UK universities that want to strengthen existing research collaborations with institutions in the US, China and India will be able to apply for £12 million in grant funding from the UK's seven research councils from next month.
Details of the Science Bridges awards are due to be issued in April, but Research Councils UK has released an "early warning" note to alert universities to the opportunity so that they can start planning.
The scheme aims to foster partnerships between research-intensive nations, explained Randal Richards, RCUK's chief executive for strategic delivery. "Research is now global, and the US, China and India are some of the most research-active countries in the world."
The awards are different from most council awards in that they are meant not for individual researchers but rather for institutions that already have "substantive" research links with US, Chinese or Indian partners, Professor Richards said.
The focus will be on applied research and innovation, he added. "The idea is to deepen and strengthen current institution-to-institution links ... We want to accelerate the deployment of research knowledge, enable the acquisition of new skills and encourage wealth creation between the partners."
The concept of Science Bridges is not new. It stems from 2005, when the Office of Science and Innovation, based in the Department of Trade and Industry, issued £6 million in awards to three institutions (Imperial College London and the universities of Cambridge and Manchester) and the SETsquared partnership (a consortium of the universities of Bath, Bristol, Southampton and Surrey) to improve their existing links with specific universities in the US.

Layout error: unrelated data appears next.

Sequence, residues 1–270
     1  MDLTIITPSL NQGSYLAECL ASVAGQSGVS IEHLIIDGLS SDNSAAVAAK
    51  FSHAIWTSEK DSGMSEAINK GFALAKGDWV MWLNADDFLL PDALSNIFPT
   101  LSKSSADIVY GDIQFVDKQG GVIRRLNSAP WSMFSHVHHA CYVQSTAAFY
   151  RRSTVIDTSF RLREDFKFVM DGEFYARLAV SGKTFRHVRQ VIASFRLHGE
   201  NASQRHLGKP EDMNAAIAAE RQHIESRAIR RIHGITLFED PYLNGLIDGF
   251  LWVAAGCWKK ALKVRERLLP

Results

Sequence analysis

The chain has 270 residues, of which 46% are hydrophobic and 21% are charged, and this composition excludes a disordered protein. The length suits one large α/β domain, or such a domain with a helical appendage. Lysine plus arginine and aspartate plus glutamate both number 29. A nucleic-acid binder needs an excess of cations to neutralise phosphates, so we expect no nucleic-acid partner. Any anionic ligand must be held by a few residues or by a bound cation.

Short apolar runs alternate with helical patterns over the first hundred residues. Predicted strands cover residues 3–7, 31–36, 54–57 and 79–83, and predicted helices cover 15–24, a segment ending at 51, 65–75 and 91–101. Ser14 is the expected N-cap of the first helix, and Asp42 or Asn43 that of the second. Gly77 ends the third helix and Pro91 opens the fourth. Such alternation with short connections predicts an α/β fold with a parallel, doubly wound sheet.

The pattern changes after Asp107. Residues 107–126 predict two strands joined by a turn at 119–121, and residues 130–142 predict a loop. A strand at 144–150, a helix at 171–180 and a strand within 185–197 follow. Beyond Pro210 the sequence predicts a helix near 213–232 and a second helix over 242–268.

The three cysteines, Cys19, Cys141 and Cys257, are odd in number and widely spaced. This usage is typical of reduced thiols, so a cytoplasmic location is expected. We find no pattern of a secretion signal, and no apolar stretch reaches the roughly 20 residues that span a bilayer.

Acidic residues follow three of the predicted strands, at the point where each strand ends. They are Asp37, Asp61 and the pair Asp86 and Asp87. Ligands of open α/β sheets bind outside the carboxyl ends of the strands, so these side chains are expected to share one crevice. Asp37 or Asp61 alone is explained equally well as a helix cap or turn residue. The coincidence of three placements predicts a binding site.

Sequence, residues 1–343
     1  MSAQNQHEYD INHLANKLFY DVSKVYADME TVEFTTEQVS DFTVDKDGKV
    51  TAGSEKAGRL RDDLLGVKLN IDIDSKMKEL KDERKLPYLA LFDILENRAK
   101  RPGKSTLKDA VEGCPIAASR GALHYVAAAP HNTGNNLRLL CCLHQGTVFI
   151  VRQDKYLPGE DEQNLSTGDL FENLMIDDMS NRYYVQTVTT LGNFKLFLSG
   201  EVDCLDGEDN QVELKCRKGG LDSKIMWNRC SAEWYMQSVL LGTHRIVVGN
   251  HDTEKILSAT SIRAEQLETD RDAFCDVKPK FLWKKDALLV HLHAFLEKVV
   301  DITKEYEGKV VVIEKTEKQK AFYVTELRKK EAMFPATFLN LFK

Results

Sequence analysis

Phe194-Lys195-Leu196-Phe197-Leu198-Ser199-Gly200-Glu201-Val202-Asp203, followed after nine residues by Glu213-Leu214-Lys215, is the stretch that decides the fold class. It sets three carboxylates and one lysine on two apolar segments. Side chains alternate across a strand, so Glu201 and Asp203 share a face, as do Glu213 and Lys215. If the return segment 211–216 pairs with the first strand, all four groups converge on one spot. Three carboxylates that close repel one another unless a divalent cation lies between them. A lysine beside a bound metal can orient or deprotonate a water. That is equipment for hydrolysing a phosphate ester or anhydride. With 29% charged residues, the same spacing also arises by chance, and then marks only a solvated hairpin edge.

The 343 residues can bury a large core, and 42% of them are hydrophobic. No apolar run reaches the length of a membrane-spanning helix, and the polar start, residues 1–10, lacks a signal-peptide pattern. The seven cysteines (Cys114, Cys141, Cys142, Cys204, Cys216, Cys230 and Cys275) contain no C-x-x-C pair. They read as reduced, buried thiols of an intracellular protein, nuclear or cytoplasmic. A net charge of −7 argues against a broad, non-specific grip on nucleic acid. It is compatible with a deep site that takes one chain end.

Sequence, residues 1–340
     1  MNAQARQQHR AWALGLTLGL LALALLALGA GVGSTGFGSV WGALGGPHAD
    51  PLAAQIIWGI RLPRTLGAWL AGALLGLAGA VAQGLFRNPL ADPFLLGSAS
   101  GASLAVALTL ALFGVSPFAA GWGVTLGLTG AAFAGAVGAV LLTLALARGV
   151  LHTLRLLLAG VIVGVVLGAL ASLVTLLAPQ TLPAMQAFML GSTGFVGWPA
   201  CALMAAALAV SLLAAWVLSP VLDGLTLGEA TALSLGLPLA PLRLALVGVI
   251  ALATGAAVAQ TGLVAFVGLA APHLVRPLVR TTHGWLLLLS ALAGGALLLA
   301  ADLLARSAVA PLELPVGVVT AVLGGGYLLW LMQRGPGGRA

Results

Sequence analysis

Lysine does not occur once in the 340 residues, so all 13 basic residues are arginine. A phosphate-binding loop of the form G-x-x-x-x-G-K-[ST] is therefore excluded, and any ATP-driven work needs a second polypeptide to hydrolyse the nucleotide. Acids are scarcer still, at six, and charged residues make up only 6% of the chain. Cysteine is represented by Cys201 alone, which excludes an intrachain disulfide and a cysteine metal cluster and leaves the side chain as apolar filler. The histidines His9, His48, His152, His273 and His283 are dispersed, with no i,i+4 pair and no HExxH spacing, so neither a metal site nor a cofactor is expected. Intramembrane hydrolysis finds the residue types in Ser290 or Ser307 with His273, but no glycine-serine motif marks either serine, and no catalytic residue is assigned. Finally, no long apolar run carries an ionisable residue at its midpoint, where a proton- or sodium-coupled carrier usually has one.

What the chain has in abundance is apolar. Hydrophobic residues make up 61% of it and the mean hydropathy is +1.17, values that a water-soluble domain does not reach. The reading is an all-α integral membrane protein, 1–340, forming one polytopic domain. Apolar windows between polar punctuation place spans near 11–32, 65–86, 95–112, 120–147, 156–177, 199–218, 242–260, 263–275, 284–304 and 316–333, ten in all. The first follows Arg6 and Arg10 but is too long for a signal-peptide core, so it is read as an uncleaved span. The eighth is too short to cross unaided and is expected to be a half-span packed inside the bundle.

The decision to expand the scheme flows from a recommendation that Lord Sainsbury made when he was Science Minister.
"The Science Bridges scheme ... (has) helped develop entrepreneurial skills among researchers and supported commercial development of technology and expertise in spin-outs ... (and) should be extended to China and India, and to other key high-technology innovative countries," he concluded in The Race to the Top, his review of science and innovation released in October 2007.
The Comprehensive Spending Review earmarked £12 million for Science Bridges and, while Professor Richards acknowledges that the funding is relatively small, he is excited about expanding the Science Bridges concept. The plan is to split the money equally between activities with the US, China and India. Only one call for proposals is planned. Professor Richards said he thought about three projects per country would be funded. "It is going to be about that number ... any more and you reduce the impact."
Charging RCUK with expanding the concept makes sense, Professor Richards said, because it recently opened offices in the US, China and India, and those offices will manage the awards. "They know on the ground what is going on and who is doing what to whom and where and why," he said.
Partnerships in any field are eligible, and institutions' proposals could be "the norm rather than the exception", Professor Richards said. He added that unlike the pilot - in which particular institutions were approached to bid - this call would be open. "We haven't identified any institutions ... if they think they can cut the mustard, they should put forward proposals." The scheme is intended to be flexible. "Institution" could refer a collaboration of UK universities, and any company involvement would be welcomed.
Researchers who want to get involved should approach their institutions, he advised. "These are institution-to-institution links. If researchers think they have something they can add to a proposal, they need to get in touch with the right person in the university and get discussions and conversations going ... We are working towards getting full details out in April, if not sooner."
Nick Smailes, the director of SETsquared, sees much benefit in expanding the Science Bridges and is eagerly awaiting details of the call. In the project pilot, SETsquared received £1.5 million over two years to work with the University of California. The money was used to develop applied research collaborations between SETsquared academics and colleagues in California. It also contributed to a project to help UK start-up technology companies accelerate their development into the US.
To secure funding under the scheme, "We had to demonstrate that we had partners in the US, and we had to demonstrate that those partners were very willing to participate", Mr Smailes said. "Institutions can try to set up their own science bridge, or they can seek to partner with existing people like ourselves."
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